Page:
AdBlockers and the future of online advertising

Autor: Affilired

El Adblocking se está convirtiendo en uno de los temas más debatidos últimamente. El número de usuarios que instalan este tipo de software aumenta día a día.

The use of Adblockers is already something popular or “mainstream”: the latest Adobe PaigFair report ( reflects an increase in its use of 41% during the past 2015, reaching up to 198 million active users.

But let’s start from the beginning:

For those unfamiliar with the term Adblockers, these are plugins or software that, once installed on your computer, block ads displayed while you browse the internet. This not only makes the pages load faster, but also improves the user’s privacy by not allowing tracking cookies to be installed on the computer or smartphone and even protects them from malicious ads whose real purpose is to install malware.

But unfortunately, when you install this type of software all ads are blocked. You will have the option to allow certain websites to show you ads if you consider these pages worthy of your trust. But, let’s be honest: usually the average user will not even consider this option.

Blocking ads is not something new: some of us already did it in the 90’s by blocking the loading of certain domains on our computers. Those were the days of 56k modems, when pages took more than 2 minutes to load, so you had to do something to be able to browse web pages properly.

But now things are different: with the rise of RTB and programmatic advertising, spending on display advertising is increasing by leaps and bounds, so websites end up literally flooded with advertising in an attempt by publishers to monetize (profit from) their content generation efforts.

Let’s face it: Intrusive advertising is annoying. We all get annoyed when an ad with a full-screen video blocks our screen and prevents us from accessing the content of a website or, even worse, when it prevents us from being able to return to the previous page.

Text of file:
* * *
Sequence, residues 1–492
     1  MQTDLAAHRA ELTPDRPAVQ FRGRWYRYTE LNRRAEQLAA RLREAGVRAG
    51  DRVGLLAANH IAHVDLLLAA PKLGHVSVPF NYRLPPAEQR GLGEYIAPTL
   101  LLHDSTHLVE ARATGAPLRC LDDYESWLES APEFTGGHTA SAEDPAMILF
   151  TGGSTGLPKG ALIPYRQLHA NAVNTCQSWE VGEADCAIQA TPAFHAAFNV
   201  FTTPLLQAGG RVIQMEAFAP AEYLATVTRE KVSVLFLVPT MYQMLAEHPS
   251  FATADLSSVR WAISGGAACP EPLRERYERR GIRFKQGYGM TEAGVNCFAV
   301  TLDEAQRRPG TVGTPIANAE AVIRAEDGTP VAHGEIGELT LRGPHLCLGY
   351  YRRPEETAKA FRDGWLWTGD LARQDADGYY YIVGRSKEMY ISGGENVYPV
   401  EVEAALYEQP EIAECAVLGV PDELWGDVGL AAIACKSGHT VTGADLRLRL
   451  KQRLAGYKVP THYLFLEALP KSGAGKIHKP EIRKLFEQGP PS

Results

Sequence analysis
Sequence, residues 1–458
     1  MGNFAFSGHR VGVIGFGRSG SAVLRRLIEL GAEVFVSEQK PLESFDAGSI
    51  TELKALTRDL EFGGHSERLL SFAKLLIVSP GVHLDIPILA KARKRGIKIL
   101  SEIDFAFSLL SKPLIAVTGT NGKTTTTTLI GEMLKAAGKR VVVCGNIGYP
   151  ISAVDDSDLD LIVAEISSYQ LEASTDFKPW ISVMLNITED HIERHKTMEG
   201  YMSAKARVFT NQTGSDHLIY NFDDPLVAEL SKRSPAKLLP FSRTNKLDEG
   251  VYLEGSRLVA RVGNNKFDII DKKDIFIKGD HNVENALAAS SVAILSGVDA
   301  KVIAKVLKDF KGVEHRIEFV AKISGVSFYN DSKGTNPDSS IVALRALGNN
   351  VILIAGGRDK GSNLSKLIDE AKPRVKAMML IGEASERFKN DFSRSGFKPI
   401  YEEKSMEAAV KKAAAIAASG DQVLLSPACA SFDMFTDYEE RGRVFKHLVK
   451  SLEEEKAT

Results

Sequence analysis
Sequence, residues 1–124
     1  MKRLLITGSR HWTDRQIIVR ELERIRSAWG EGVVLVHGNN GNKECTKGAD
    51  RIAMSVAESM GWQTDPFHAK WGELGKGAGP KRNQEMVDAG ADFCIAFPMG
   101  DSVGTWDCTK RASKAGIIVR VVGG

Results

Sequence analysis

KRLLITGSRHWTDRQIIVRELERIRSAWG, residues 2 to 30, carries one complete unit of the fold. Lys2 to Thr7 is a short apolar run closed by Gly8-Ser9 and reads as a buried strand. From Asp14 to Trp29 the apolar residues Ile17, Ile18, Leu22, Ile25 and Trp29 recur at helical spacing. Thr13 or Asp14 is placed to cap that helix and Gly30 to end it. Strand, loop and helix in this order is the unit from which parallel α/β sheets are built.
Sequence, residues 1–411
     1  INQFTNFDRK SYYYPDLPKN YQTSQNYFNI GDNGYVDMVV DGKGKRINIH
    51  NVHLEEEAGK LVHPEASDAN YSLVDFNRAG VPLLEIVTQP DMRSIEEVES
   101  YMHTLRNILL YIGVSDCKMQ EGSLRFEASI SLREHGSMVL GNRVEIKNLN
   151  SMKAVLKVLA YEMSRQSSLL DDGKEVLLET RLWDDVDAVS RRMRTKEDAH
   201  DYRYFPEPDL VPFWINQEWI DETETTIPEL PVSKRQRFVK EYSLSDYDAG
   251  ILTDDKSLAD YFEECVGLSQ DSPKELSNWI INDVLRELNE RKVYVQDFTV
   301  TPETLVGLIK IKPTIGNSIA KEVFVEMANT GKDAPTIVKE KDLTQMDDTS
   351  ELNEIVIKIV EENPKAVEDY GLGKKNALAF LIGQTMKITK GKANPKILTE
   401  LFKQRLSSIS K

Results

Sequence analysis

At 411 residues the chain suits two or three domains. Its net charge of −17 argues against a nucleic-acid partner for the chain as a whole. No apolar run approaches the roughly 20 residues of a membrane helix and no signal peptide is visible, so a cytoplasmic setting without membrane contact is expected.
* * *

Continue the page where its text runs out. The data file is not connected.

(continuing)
And then AdBlockers become massive.

It’s something that had to happen. Just like that. With virtually no self-regulation by advertisers and publishers, and with this excess of ads appearing everywhere and interrupting users’ browsing, it is only natural that AdBlockers have become massive.

And it always happens the same way: users with more technical knowledge start using them and then word-of-mouth makes it popular.

According to PageFair, today adblocking penetration in the USA is 15%, 21% in the UK, 16% in Spain and in Poland it is already 35%.

In other words, ad blocking is no longer limited to a group of “self-taught geeks”. The use of AdBlockers is penetrating very quickly and they are as easy and quick to install as any other software.

In fact, based on data provided by GlobalWebIndex, as many as one-third of Millennials are already blocking ads:

 Q2 2015 data provided by GlobalWebIndex reflects a smaller split globally. It concludes that 34% of internet users aged 16-24 and 31% of users whose age ranges from 25-35 block ads.


Those who are the future of the Internet are saying it very clearly: Stop bothering me like this!

Let’s not forget that what happens in the visitor’s browser happens precisely because the user allows it. It’s not just a matter of whether or not the user can choose to visit a web page. It is that whatever happens, the decision is in his hands. The user will decide whether to allow his device to execute something or not.